With the CERN Large Hadron Collider performing beyond expectations and rapidly collecting data at unprecedented energies and luminosities, High Energy Physics is currently undergoing something of a revolution. There is a high probability that the Higgs boson and/or new physics beyond the Standard Model will be discovered in the next few years and understood in detail as the LHC continues to be the main focus of the field for perhaps 20 years.
This situation and the strength of the particle physics group at Birmingham presents many excellent opportunities on the timescale of the Birmingham Fellowship Scheme and beyond.
Birmingham has a large particle physics group, which has built up a strong reputation over the years, in particular through work on experiments at the CERN, DESY and SLAC laboratories. We currently have internationally leading roles in the areas of proton-proton collisions at the energy frontier (ATLAS), flavour physics (NA62, LHCb), deep-inelastic lepton-nucleon scattering (H1, LHeC) and the development of high performance calorimetry for future applications such as a Linear Collider.
As well as being active in physics analysis in all of these experiments, we have contributed significantly to the construction of many of them, in particular through our expertise in building and implementing triggering electronics. Our facilities include a silicon and electronics laboratory, which has assembled components for the ATLAS and ALICE experiments. We have a strong involvement in the development of the GRID distributed computing network, which we are now exploiting in our LHC work.
We are a leading group in outreach, with strong connections to many schools, which we regularly visit to give presentations, often based around our portable spark chamber and our research at the LHC. Among other events, we host an annual IOP-supported Masterclass for A level students. We have also developed a simplified version of the ATLAS event display program, which teaches members of the public to identify different classes of LHC events. We run an undergraduate course in Physics with Particle Physics and Cosmology, which attracts around 10 students per year.
The group's main source of funding is through a rolling grant from the Science and Technology Facilities Council. We are also in receipt of funding from the European Research Council and from the Royal Society.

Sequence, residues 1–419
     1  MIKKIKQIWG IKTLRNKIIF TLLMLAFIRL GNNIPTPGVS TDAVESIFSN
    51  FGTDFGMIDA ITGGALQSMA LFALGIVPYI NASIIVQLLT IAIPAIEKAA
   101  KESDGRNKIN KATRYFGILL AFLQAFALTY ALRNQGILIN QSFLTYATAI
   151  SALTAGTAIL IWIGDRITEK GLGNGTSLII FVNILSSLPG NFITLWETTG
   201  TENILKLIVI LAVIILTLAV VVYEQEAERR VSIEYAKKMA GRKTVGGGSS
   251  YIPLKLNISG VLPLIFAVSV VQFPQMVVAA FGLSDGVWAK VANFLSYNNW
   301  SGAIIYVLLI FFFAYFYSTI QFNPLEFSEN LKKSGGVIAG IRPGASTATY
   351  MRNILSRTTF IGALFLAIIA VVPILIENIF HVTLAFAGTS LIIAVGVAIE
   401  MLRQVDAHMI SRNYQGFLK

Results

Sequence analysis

Specific areas where we are currently looking to strengthen our involvement are described in more detail below. Further information can be found by following the links from the group homepage: http://www.ep.ph.bham.ac.uk/
The ATLAS Experiment
Our ATLAS group currently consists of 6 academics members of staff, 9 postdoctoral researchers and engineers and 6 Ph.D. students. Prof Dave Charlton is the deputy spokesperson for the experiment and currently the most senior UK member of the collaboration. We have been heavily involved in the construction and operation of the first level calorimeter trigger (L1Calo) and are working towards its upgrade for the next phase of LHC runnning. We also contribute to the Semiconductor Tracker (SCT), which we partially constructed, and are involved in developing the ATLANTIS event display program. Our physics analyses are currently focused on Higgs searches, top and heavy flavour physics, isolated photon production and diffractive processes. There are opportunities for new fellows to become involved in any of these toics, or to lead a new area of physics analysis as we move towards a more search-focused phase of the experiment.
Following earlier flavour physics work at OPAL and BaBar, the group is now well established in the fixed target NA62 experiment at CERN. NA62 will search for new physics in rare kaon decays with 2-3 years of data taking starting in 2013-14. The Birmingham group is responsible for the design and construction of the Cherenkov detector identifying kaons in the beam line (CEDAR). We are also very active in NA62 physics analysis, leading the study of Lepton Flavour Universality in kaon decays. We have recently joined the LHCb experiment, with a group currently comprising 2 academics and 2 Ph.D. students. LHCb will perform unique searches for new physics through exceptionally precise measurements. The Birmingham group is engaged in the critical areas of core software and distributed computing and has strong interests in hardware-related activity for the proposed detector upgrade. The group analysis strategy is centred on rare decays, with the possibility to expand into other areas in the future. We welcome applications for fellowships to build our contribution to LHCb in these areas and beyond.